Al Pacino's gangster classic has been reissued with tons of new extras and a limited edition custom humidor.
Director: Brian De Palma Rating: R Studio: Universal
It's time to "say hello" on Blu-ray to Scarface—a now-iconic gangster movie that was lambasted when it was released in 1983 for its over-the-top violence and pervasive profanity, which are the very qualities that helped make it an enduring cult classic revered by rappers everywhere. Directed by Brian De Palma with a script by Oliver Stone, this remake of the 1932 film of the same name is a twisted look at the American Dream and how unchallenged greed and corruption pervert that dream into a waking nightmare.
Al Pacino plays Cuban refugee Tony Montana who, along with his best friend Manny (Steven Bauer), arrives in Miami during the 1980 Mariel boatlift. After a brief stint washing dishes, the duo begins working for wealthy drug dealer Frank Lopez (Robert Loggia) to get their green cards. Tony—who impresses Frank with his fearlessness—quickly develops an unhealthy attraction to Frank's live-in girlfriend, Elvira Hancock (Michelle Pfeiffer), an icily beautiful disco goddess who drifts towards the wealthiest man in the room when she's not busy powdering the inside of her nose.
Tony becomes so powerful so fast that he quickly surpasses and disposes of Frank, taking his place as Miami's drug kingpin. Soon Tony has a fortress-like mansion, Elvira as his plaything wife, and a mountain of cocaine on his desk that he sits at in an initialized chair that looks like a throne. Inhaling too much blow has made Tony a little insane in the membrane, which leads to disaster with his overprotectiveness towards his sister (Mary Elizabeth Mastrantonio) and when he enrages a Bolivian drug lord. When an army of the Bolivian's "cockroaches" storms Tony's mansion to take him out, Tony and his "little friend"—an M16 with an under-barrel grenade launcher—makes his legendary last stand.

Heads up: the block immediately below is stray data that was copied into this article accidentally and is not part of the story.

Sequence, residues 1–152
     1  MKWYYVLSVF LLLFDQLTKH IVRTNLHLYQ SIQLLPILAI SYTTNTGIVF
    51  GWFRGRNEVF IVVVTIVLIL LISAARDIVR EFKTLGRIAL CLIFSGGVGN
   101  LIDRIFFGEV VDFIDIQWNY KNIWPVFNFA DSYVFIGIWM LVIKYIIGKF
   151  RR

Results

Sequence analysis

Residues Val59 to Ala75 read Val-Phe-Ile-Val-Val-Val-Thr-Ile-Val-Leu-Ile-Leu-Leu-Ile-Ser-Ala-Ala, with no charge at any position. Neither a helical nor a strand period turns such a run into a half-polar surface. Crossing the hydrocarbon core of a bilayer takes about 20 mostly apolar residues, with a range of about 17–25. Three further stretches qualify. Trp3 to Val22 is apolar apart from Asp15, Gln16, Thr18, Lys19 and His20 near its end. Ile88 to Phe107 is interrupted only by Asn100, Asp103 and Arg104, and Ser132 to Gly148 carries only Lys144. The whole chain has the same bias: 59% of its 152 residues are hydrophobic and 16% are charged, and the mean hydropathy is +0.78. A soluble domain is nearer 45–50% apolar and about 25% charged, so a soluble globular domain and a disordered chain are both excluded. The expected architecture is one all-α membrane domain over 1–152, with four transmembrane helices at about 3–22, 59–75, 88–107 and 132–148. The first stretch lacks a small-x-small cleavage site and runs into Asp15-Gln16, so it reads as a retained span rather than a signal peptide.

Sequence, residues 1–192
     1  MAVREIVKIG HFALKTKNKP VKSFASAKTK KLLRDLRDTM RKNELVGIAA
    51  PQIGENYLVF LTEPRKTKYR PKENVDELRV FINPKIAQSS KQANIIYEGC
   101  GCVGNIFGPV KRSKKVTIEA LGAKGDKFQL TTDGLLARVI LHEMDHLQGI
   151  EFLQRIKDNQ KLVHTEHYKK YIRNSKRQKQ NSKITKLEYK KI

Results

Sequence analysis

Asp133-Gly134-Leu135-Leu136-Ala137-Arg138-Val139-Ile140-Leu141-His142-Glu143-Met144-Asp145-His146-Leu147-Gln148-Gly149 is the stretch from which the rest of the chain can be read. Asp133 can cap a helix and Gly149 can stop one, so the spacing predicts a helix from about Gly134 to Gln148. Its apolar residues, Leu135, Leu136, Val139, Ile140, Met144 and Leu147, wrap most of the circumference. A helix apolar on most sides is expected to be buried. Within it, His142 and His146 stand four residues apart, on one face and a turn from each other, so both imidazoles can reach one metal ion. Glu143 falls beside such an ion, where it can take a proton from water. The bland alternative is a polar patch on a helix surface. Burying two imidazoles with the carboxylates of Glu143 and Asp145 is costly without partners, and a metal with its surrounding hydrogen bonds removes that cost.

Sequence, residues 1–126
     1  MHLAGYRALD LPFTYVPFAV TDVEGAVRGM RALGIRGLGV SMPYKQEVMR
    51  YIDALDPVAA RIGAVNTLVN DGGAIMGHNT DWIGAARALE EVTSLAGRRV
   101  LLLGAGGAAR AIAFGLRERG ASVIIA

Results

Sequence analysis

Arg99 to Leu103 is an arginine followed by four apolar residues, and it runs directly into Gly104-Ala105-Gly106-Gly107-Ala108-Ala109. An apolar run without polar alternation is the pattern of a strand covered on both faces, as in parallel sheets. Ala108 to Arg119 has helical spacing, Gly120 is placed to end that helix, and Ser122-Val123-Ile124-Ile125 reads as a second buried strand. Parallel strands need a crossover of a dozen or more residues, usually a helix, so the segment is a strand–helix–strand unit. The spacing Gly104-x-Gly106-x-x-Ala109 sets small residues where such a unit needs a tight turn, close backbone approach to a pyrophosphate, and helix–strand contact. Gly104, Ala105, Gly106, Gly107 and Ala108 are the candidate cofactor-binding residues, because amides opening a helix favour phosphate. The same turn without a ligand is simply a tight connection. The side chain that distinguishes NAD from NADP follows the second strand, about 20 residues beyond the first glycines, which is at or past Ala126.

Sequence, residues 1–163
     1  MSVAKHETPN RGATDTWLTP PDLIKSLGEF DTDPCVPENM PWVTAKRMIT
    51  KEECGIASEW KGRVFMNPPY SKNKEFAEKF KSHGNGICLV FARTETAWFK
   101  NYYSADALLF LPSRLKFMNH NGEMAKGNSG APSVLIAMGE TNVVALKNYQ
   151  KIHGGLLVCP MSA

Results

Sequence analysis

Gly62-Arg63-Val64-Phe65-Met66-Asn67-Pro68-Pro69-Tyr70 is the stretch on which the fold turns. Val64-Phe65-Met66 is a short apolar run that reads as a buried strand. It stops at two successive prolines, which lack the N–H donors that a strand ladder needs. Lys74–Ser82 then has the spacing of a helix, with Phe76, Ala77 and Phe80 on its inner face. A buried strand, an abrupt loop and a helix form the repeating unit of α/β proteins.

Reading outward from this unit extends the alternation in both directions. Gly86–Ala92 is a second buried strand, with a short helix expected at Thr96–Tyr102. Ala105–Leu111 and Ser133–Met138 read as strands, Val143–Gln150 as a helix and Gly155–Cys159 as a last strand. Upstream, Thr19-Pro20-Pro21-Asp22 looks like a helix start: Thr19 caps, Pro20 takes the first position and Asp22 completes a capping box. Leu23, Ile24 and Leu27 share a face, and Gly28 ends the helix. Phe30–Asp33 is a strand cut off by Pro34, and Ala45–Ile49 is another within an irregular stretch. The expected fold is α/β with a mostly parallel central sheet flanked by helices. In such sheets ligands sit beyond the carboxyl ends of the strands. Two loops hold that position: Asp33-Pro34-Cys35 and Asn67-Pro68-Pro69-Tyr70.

Nothing epitomizes the hollowness of the Me Decade quite like Scarface, and this Blu-ray captures every detail of the guns and toys in Tony's tricked-out world. Pfeiffer drifts past expensive restaurants and gilded mansions with dead eyes and utterly bored even as she sips the finest champagne, snorts a small fortune of cocaine and is driven around in luxury cars. Tony, who only wants the respect of his family and peers, is so driven to obtain more and more that he eventually succumbs to paranoia and, well, madness.
Viewing Scarface in high definition 28 years after its release, it's now even clearer why the hip-hop community views this as a combination cautionary tale/career template. Tony Montana escaped from the prison system, scored the bling, bedded the sexy girl, and launched himself into the stratosphere so fast that he only had one place to land—face down in his own fountain.
Best extras: This Blu-ray debut comes packaged in a handsome limited edition steelbook case that holds 10 cards of fan-created artwork. Many of the special features on the BD are ported over from the DVD edition, including deleted scenes, the "Scarface Scorecard" that keeps track of the F-word while you watch, several making-of featurettes and a hilarious look at how some scenes were edited for television. What's new is a 39-minute documentary titled "The Scarface Phenomenon" in which the cast, filmmakers and other celebrities talk extensively about their love of the film with a focus on the public reaction and its cult status. The steelbook also comes with a DVD copy of Howard Hawks's classic Scarface from 1932.
If you really want to take it to a Tony Montana level, you can buy this Blu-ray packaged with a limited edition custom humidor (only 1,000 worldwide) that will set you back $700 on Amazon. Buy it HERE.